One of the more complex features that Google Analytics has is called In-Page Analytics and it allows you to actually view where people clicked on your website on a basic level. Very useful information if you want to see how a particular call to action is working or where people find it easiest to navigate around your website.
Small bubbles will appear on your website when you load the In-Page Analytics in full view. These will tell you what percentage of people clicks on certain links. This can be very telling information as to the usability of your website.
Lastly we have the Conversion tab and its subset of data. Goals are the premise of your business online and being able to track and monitor them accurately is very important. Some websites have very small goals set up that simply strive to see a button clicked on their homepage while others are looking for forms to be filled out and submitted. Whatever the goals of your website are this is the area you can track them. Keep in mind they must be setup before hand though as there are no default goals in Google Analytics. We will be covering this aspect later.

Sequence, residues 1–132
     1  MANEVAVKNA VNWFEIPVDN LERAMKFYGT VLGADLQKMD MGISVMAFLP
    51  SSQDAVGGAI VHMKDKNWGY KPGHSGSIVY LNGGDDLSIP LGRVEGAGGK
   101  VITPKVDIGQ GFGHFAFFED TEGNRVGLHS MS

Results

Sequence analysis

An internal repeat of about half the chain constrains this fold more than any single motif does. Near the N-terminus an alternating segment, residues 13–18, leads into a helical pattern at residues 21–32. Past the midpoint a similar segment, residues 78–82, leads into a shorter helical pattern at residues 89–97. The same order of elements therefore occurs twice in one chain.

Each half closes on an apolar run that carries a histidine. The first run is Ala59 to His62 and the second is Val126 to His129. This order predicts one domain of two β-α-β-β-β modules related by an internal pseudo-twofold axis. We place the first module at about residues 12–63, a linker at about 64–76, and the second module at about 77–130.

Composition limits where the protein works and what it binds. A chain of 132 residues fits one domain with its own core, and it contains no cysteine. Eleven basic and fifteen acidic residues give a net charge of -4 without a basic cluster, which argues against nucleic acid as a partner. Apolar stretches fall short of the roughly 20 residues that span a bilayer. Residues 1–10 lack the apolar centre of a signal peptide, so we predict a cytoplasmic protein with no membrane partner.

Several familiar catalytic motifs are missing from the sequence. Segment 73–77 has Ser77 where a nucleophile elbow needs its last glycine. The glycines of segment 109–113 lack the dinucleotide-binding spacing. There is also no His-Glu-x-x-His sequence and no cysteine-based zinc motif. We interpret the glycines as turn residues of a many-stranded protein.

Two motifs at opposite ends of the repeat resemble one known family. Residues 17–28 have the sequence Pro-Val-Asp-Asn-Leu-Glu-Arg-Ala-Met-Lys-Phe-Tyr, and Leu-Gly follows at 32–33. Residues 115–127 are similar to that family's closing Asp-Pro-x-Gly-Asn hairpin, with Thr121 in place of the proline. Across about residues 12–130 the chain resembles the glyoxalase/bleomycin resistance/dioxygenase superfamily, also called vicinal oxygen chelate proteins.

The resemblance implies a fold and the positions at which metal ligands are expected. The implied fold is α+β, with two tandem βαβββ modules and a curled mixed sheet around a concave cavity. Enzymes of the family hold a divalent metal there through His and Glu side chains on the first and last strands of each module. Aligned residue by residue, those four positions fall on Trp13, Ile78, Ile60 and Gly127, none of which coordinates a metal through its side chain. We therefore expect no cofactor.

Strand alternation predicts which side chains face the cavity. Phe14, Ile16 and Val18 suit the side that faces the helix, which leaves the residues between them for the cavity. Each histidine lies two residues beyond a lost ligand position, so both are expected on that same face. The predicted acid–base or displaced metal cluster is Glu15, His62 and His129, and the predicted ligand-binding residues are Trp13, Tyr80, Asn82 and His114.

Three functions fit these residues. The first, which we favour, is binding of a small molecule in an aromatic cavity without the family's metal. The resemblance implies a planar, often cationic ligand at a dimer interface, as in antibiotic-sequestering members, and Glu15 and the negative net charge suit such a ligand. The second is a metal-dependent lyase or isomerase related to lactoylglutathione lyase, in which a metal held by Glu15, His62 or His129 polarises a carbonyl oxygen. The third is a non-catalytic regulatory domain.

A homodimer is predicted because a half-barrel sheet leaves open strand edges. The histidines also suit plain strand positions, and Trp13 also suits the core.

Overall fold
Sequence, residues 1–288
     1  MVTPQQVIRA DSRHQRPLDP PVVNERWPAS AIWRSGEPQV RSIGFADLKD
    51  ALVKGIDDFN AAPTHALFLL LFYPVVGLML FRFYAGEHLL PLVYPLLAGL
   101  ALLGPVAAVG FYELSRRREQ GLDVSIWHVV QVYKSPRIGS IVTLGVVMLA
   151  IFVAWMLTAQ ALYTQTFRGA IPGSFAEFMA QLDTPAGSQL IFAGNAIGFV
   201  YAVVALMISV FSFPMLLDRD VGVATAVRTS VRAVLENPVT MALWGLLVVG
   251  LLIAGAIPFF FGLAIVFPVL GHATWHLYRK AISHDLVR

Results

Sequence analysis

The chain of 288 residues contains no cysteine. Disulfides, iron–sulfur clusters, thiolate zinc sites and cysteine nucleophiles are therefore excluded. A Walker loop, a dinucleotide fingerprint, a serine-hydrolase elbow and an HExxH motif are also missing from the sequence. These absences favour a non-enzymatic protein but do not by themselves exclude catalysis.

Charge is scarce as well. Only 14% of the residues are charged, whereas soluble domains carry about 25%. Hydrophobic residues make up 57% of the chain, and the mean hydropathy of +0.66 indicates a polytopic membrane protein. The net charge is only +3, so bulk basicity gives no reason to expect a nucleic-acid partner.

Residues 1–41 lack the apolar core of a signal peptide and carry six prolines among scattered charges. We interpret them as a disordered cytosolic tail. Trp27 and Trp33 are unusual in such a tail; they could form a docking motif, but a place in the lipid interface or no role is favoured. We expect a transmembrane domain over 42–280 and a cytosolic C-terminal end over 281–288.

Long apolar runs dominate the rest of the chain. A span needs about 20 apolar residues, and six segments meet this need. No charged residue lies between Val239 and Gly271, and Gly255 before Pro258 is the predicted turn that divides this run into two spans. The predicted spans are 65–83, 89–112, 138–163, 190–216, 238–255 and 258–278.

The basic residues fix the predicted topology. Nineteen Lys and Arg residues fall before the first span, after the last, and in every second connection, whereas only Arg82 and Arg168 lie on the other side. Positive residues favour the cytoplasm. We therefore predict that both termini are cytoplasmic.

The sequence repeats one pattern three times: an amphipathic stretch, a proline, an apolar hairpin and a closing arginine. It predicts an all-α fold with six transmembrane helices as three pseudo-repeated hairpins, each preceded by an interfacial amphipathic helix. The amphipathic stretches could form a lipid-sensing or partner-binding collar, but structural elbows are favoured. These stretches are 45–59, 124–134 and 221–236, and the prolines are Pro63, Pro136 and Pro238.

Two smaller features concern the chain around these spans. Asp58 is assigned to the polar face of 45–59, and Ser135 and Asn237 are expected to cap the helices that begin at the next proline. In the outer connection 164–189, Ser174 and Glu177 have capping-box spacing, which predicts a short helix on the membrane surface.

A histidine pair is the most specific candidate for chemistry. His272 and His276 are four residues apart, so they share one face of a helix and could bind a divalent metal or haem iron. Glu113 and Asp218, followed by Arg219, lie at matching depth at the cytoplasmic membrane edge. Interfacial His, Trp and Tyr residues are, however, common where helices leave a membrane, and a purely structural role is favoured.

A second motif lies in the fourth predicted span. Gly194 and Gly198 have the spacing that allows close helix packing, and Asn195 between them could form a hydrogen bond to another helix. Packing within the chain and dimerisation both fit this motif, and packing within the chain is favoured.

We’ve covered some of the many tools and data sets that are available within the Google Analytics, but there are of course many more. You can use some of the tools listed here to really dig into your website’s data and better understand how users are interacting and what they are interacting with. The goal, in the long run, is to make better educated decisions about the future of your website and the future of your business.
Next week we will be covering some tips on how to set up custom goal tracking, so keep an eye out for that. For more information on Google Analtyics check out Analytics Academy!
Thanks for reading.